A Brood of Small Cicadas (Shallow Thoughts)

Akkana's Musings on Open Source Computing and Technology, Science, and Nature.

Wed, 25 May 2022

A Brood of Small Cicadas

Our trees in La Senda have been ticking madly for about a week.

The noise had been worrying me. Some of our drought-stressed piñons might not have enough sap to fight off bark beetles (we lost four trees last year to the beetles). On the other hand, cicadas do make clicking noises (like an orchestra tuning up, preparing for the symphony). And the ticking noise came from junipers as much as piñons; bark beetles are usually species-specific..

[cicada from La Senda brood starting 2022-05-17] But eventually we were able to find a few of the tickers and photograph them. Definitely cicadas, though they're noticeably smaller than the big broods of 2014 and 2019, and greener, with bigger eyes (here's a 2019 cicada for comparison).

It's remarkably hard to locate cicadas to photograph them, even when you're surrounded by junipers that each have several of them clicking loudly. Once you see them, you can see the movement as they make their ticking noises, and as they slowly work their way along a branch. (The photo here is upside down: the cicada was actually hanging from the branch, but it's easier to see detail when it's flipped upright.)

For a few days around the weekend, they were occasionally transitioning from ticking to a full-blown buzz for a minute or two, but now they're back to ticking. Possibly there aren't enough of them to achieve Full Buzz?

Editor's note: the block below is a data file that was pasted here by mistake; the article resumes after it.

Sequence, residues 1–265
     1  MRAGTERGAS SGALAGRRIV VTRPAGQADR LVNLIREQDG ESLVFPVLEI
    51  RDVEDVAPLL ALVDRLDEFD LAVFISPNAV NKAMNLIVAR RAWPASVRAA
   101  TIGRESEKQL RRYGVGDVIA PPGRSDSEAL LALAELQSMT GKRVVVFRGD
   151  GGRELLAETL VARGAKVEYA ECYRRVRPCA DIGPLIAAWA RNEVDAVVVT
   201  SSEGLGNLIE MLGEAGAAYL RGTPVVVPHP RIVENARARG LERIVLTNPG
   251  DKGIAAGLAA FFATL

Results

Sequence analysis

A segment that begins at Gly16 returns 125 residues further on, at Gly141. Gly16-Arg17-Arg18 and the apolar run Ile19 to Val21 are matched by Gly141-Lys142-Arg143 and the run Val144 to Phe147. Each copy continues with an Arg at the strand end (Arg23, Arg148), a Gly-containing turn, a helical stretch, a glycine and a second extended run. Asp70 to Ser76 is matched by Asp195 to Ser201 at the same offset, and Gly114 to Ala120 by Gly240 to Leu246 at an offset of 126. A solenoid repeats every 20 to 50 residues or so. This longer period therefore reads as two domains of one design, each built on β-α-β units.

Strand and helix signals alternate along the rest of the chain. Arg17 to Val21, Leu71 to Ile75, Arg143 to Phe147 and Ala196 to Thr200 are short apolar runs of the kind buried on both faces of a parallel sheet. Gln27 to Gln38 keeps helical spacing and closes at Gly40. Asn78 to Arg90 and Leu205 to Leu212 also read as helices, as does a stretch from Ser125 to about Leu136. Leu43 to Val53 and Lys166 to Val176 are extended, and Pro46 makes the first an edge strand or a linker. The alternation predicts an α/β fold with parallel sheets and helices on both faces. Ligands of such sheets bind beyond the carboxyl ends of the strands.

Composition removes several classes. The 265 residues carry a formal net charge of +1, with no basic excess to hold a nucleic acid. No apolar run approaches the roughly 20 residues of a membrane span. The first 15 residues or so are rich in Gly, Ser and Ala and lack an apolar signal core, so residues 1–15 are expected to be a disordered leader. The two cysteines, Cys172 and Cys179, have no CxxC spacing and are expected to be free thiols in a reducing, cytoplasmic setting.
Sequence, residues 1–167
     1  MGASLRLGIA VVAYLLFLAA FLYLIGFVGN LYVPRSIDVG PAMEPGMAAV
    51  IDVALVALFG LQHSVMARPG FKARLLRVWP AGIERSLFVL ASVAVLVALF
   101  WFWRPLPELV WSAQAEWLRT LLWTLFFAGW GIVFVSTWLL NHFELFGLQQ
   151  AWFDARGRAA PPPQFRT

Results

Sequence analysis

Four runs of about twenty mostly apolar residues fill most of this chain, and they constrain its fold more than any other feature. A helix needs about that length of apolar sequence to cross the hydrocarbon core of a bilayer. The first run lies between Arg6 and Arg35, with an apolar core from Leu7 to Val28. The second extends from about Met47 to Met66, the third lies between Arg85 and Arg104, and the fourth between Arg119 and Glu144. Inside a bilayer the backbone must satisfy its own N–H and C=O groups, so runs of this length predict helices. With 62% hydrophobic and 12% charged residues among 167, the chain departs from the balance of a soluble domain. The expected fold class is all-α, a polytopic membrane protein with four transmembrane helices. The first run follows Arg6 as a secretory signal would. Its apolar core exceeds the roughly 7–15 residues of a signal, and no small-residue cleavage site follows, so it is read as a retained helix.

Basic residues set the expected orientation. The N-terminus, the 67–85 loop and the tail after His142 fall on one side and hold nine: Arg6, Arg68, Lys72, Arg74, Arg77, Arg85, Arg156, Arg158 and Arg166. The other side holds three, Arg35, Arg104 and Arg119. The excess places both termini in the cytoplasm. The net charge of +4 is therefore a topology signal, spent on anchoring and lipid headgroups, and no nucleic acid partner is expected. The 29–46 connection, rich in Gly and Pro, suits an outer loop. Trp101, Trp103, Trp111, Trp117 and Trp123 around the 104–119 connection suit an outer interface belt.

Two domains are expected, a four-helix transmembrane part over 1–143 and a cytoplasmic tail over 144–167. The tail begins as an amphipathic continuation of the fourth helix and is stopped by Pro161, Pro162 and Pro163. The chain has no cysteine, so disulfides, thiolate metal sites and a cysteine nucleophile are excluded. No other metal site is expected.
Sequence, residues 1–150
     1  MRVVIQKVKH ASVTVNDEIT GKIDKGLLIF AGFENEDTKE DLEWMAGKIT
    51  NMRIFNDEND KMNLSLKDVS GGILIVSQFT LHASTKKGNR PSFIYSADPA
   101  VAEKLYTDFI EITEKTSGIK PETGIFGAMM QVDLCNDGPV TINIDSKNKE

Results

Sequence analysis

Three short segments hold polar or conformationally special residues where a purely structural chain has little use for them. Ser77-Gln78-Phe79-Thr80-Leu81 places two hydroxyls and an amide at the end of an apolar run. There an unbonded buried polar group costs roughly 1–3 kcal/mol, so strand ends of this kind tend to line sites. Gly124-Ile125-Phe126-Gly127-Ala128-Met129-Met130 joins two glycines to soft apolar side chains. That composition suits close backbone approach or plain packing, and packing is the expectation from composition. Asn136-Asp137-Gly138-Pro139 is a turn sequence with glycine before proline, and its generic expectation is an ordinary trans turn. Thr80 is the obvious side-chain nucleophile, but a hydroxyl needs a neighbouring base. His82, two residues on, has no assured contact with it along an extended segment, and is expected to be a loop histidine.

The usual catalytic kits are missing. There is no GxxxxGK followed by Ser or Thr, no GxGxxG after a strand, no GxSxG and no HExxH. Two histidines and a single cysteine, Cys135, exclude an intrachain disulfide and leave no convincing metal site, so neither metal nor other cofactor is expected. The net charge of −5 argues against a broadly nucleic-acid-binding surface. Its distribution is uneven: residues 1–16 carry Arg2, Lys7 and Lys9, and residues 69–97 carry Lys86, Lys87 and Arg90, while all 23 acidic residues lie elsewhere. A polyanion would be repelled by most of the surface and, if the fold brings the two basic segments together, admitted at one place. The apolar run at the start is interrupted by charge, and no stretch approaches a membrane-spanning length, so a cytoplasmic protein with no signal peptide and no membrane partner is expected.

I'd like to know more about the local cicadas. What species do we have in northern New Mexico, and how can they be identified? What are their periods? Do any critters eat them? We never see birds going after cicadas; you'd think this would be a wonderful feast, at least for big birds like crows and ravens. Maybe cicadas taste bad.

NM Game and Fish says there are "more than seven species of cicada are found in New Mexico", but lists only two, neither of them occurring north of Albuquerque. Most references online confine themselves to the big east-coast cicada broods. But I found a scientific paper, Biogeography of the Cicadas (Hemiptera: Cicadidae) of North America, North of Mexico. It has maps but no photos, so correlating the species that have been found here with photos found elsewhere is going to be a bigger research project. I'll write a separate article if I figure anything out.

I'm pretty sure that the cicadas we saw in 2014 and 2019 were the same brood. They looked similar (though I have no good photos from 2014), and the intensity of the sound was the same — for a week or two, they were everywhere, and the buzzing sound was intense and pervasive. But I don't have photos from other years when we've heard smaller cicada outbreaks, so I don't know if these 2022 cicadas correspond to anything I've seen before. From now on, I intend to go cicada hunting any time I hear them, and try to get a record of what each year's cicadas look like. Just call me Dances With Cicadas.

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[ 20:01 May 25, 2022    More nature | permalink to this entry | ]

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